Canafistula - Cassia fistula Canafistula - Cassia fistula

Database File for:

Canafistula
(Cassia fistula)

Main databaseCommon nameBotanical nameEthnic usesConditionsActions
  
Canafistula - Cassia fistula Canafistula - Cassia fistula, Canafistula - Cassia fistula, Canafistula - Cassia fistula PLANT
IMAGES


Photos




WEB
RESOURCES
Canafistula


  • Product Search

  • Medline Abstracts

  • PubMed FullText

  • U.S. Patents

  • Purdue Info

  • Ethnobotany DB

  • W3TROPICOS DB

  • GRIN DB

  • USF DB

  • USDA DB

  • ITIS DB



    WEBSITE LINKS

  • Home Page
  • About the Author
  • Plant Images
  • Rainforest Products
  • Rainforest Gallery
  • Rainforest Facts
  • Article Section
  • Rainforest Links
  • Search Site
  • Conditions of Use











    Free Service

    Español
    Português
    Deutsch
    Italiano
    Français
    Norsk


  • Family: Fabaceae
    Genus: Cassia
    Species: fistula
    Common Names: canafistula, golden shower, Indian laburnum, purging fistula, purging cassia, gurmala, baton casse, ch'ang kuo tzu shu, chacara, nanban-saikati, samyaka, sember hiyari agaci, kachang kayu (woody bean), kallober, keyok, klober, klohur
    Part Used: Fruit, Leaves, Bark


    CANAFISTULA
    HERBAL PROPERTIES AND ACTIONS
    Main Actions Other Actions Standard Dosage
  • moderate laxative
  • relieves pain
  • Leaves, bark
  • antioxidant
  • reduces fever
  • Infusion: 1/2 cup twice daily
  • kills viruses
  • lowers cholesterol
  • Tincture: 1-2 ml twice daily
  • lowers blood sugar
  • stimulates digestion
  •  
  • kills parasites
  •    
  • astringent
  •    

    Canafistula is a fast-growing, medium-sized, deciduous tree which grows to about 9 meters in height. Leaves are compound, with 4-8 pairs of opposite leaflets. It produces flowers which are golden yellow and hang in showering bunches of up to 40 cm long earning its common name of "golden shower tree." The flowers appear when the branches are bare, just before the new leaves emerge and are a favorite of bees and butterflies. The blooms are followed by the production of two-foot-long, dark brown, cylindrical, woody seed pods which persist on the tree throughout the winter before falling to litter the ground. Canafistula is native to India, the Amazon and Sri Lanka, and is now widely cultivated worldwide as an ornamental tree for its beautiful showy yellow flowers.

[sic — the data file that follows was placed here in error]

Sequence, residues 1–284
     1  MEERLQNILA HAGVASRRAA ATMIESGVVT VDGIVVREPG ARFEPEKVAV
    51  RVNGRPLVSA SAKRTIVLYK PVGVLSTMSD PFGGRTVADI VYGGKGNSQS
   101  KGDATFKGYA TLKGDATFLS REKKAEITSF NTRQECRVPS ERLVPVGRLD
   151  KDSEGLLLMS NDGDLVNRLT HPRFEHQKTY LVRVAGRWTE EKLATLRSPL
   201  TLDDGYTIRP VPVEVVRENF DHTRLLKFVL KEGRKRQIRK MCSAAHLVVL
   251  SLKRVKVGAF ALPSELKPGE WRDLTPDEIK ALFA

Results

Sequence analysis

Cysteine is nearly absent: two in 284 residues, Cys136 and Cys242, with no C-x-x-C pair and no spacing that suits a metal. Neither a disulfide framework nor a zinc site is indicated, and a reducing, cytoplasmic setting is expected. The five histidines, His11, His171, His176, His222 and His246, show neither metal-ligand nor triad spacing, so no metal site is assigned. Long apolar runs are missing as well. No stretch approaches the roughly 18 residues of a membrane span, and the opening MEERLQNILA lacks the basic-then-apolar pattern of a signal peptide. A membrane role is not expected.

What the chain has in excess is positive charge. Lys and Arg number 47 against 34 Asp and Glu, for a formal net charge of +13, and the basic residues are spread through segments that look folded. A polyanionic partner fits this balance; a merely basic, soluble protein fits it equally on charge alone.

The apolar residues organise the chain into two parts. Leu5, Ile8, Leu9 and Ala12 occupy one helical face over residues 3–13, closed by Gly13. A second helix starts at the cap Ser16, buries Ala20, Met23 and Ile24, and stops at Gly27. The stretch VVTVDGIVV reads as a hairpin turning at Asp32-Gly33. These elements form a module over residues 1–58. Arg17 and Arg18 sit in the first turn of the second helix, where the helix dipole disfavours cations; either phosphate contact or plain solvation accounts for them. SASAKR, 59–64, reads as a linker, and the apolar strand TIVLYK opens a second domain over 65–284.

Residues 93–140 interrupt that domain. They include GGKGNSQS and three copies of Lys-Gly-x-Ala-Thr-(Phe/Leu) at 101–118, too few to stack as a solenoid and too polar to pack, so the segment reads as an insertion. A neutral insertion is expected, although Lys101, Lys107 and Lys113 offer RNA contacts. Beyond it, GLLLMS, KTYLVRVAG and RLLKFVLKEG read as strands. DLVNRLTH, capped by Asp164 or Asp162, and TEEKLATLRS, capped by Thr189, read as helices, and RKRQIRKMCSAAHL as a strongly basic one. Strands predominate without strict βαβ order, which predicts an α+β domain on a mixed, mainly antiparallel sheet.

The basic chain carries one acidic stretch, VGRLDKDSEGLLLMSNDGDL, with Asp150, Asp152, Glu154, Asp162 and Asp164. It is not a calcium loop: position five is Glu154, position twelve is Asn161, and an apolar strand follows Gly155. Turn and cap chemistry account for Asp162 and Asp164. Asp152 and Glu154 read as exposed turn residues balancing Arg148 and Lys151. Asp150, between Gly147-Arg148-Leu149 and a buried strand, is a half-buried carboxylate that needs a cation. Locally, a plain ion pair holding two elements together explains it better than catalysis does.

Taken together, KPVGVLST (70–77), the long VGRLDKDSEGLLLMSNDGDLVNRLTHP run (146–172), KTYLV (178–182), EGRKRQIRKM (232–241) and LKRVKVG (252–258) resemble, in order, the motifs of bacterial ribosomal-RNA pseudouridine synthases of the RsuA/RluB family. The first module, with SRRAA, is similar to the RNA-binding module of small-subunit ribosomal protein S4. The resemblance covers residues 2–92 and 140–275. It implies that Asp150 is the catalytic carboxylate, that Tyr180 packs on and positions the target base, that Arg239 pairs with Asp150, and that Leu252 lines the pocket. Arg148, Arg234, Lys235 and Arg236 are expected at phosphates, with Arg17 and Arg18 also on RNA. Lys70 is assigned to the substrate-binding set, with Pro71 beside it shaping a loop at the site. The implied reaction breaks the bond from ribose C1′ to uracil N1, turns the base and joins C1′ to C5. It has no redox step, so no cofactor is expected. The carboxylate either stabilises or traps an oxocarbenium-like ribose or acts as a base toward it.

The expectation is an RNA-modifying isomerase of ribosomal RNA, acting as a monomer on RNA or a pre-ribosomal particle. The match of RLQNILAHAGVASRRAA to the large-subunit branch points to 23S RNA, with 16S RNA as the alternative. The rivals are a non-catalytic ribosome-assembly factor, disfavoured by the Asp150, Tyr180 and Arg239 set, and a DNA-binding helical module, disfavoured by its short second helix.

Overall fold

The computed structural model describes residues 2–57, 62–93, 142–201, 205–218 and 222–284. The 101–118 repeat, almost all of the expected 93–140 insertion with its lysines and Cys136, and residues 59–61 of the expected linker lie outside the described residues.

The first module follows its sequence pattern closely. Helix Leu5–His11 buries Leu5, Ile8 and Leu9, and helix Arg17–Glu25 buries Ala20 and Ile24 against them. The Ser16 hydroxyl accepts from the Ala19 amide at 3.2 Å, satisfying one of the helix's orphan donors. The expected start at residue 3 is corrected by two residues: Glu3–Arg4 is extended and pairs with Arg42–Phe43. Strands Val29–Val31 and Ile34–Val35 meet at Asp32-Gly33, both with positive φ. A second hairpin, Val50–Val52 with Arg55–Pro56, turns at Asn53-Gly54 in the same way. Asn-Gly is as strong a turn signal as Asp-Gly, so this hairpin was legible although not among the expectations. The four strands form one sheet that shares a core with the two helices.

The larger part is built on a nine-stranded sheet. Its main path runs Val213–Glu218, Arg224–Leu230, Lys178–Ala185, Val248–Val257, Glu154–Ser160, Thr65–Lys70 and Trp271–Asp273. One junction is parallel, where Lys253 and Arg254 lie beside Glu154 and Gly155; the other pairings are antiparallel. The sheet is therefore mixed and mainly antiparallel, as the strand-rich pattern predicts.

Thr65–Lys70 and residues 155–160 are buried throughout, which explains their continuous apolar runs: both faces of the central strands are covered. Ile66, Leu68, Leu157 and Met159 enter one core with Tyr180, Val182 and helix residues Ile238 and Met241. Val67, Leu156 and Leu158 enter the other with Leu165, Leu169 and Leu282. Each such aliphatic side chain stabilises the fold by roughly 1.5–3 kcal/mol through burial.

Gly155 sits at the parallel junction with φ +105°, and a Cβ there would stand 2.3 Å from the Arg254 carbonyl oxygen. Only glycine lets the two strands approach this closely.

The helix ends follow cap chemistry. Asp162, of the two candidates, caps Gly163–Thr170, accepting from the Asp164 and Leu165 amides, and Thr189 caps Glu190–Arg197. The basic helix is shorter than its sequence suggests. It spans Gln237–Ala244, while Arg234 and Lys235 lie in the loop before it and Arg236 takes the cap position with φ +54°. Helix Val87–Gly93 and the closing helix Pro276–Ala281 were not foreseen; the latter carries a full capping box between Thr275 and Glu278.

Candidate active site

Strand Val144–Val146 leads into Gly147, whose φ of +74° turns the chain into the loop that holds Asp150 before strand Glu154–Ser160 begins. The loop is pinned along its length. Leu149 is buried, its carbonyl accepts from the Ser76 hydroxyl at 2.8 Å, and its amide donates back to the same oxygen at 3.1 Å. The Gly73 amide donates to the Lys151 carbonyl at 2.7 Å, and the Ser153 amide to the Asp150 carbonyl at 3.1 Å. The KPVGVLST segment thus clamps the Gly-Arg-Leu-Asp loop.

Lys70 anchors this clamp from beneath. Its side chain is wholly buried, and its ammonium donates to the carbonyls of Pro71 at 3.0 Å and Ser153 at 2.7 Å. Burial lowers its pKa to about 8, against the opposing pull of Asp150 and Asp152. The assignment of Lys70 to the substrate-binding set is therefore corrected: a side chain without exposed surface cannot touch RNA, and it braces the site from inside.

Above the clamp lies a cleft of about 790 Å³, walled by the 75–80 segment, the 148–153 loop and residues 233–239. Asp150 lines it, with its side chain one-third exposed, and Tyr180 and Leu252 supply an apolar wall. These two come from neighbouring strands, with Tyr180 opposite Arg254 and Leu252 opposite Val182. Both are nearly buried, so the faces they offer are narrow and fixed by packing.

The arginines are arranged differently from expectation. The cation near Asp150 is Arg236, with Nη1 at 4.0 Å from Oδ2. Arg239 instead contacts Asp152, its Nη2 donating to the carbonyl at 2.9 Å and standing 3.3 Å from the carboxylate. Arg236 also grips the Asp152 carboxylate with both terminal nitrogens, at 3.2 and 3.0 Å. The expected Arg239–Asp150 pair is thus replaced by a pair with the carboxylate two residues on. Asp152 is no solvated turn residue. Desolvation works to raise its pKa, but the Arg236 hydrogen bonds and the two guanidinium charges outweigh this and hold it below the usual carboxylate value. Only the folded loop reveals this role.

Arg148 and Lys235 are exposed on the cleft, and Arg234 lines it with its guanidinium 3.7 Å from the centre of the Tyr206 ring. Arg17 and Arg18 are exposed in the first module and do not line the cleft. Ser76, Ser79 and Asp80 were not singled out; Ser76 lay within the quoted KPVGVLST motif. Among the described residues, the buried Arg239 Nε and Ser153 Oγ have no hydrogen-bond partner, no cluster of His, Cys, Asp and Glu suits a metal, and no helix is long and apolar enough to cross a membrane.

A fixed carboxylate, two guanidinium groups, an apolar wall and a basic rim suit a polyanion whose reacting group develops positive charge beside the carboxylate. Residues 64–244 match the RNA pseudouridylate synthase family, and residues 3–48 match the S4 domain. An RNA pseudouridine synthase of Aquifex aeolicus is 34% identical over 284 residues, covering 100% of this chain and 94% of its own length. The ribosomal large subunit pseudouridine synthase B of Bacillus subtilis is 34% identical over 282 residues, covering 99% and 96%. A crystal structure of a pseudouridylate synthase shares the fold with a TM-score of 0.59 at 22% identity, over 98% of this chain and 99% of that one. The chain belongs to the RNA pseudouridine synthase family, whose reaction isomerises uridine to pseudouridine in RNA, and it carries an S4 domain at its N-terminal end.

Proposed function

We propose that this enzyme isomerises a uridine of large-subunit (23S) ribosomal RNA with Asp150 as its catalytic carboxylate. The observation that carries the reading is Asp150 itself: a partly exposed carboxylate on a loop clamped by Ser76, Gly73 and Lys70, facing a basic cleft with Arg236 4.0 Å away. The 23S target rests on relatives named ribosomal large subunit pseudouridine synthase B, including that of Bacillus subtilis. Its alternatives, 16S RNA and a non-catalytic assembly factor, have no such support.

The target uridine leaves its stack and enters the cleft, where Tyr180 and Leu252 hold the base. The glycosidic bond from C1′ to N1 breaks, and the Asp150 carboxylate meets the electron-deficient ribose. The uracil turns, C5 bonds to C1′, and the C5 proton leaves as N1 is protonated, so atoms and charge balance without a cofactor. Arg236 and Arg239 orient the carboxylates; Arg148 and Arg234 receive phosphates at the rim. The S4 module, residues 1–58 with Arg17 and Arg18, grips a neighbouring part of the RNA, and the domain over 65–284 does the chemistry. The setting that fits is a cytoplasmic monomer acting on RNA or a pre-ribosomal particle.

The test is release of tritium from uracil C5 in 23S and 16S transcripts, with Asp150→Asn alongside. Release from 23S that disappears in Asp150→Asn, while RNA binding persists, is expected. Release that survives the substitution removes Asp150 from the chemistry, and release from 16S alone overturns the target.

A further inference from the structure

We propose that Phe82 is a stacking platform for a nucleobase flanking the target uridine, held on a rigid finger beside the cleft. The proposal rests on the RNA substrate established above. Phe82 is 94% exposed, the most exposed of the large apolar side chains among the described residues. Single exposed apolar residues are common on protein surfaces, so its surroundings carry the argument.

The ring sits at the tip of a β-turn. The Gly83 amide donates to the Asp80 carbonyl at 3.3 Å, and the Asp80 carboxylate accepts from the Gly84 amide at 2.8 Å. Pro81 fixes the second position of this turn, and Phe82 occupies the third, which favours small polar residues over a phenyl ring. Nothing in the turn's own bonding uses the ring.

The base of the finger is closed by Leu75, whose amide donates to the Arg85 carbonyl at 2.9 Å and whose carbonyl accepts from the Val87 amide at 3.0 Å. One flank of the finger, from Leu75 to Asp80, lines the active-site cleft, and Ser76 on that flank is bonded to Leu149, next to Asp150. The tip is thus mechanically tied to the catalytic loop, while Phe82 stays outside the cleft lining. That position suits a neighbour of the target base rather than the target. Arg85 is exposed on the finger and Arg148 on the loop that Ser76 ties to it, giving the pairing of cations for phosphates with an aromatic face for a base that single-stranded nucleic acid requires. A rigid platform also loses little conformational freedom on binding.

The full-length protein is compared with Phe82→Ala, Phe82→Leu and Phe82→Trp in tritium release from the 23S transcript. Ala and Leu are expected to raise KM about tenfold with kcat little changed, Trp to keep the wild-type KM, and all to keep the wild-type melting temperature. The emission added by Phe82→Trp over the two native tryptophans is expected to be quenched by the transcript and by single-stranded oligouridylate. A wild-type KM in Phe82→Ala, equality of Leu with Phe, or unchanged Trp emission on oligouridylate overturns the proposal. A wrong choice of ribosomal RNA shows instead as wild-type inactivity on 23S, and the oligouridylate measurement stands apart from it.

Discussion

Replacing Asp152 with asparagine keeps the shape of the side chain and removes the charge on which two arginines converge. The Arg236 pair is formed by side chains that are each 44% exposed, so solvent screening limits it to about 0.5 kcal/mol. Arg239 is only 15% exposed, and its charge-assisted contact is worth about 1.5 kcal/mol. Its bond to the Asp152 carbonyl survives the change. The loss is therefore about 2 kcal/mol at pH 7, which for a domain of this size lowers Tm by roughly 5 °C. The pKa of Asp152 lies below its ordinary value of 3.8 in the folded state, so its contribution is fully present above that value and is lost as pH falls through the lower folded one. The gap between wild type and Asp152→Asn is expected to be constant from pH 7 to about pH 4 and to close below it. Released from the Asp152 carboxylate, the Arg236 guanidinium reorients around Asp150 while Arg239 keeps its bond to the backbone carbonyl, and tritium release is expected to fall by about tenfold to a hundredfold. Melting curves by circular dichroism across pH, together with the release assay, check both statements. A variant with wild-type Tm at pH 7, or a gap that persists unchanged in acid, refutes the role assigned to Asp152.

TRIBAL AND HERBAL MEDICINE USES

    There are many Cassia species worldwide which are used in herbal medicine systems. This particular family of plants are used widely for their laxative actions. Canafistula is no exception... it is often used as a highly effective moderate laxative that is safe even for children. However, in large doses, the leaves and bark can cause vomiting, nausea, abdominal pain and cramps. Canafistula is also employed as a remedy for tumors of the abdomen, glands, liver, stomach, and throat, for burns, cancer, constipation, convulsions, delirium, diarrhea, dysuria, epilepsy, gravel, hematuria, pimples, and glandular tumors. In Ayurvedic medicine systems, the seeds are attributed with antibilious, aperitif, carminative, and laxative properties while the the root is used for adenopathy, burning sensations, leprosy, skin diseases, syphilis, and tubercular glands. The leaves are employed there for erysipelas, malaria, rheumatism, and ulcers. In Brazilian herbal medicine, the seeds are used as a laxative and the leaves and/or bark is used for pain and inflammation.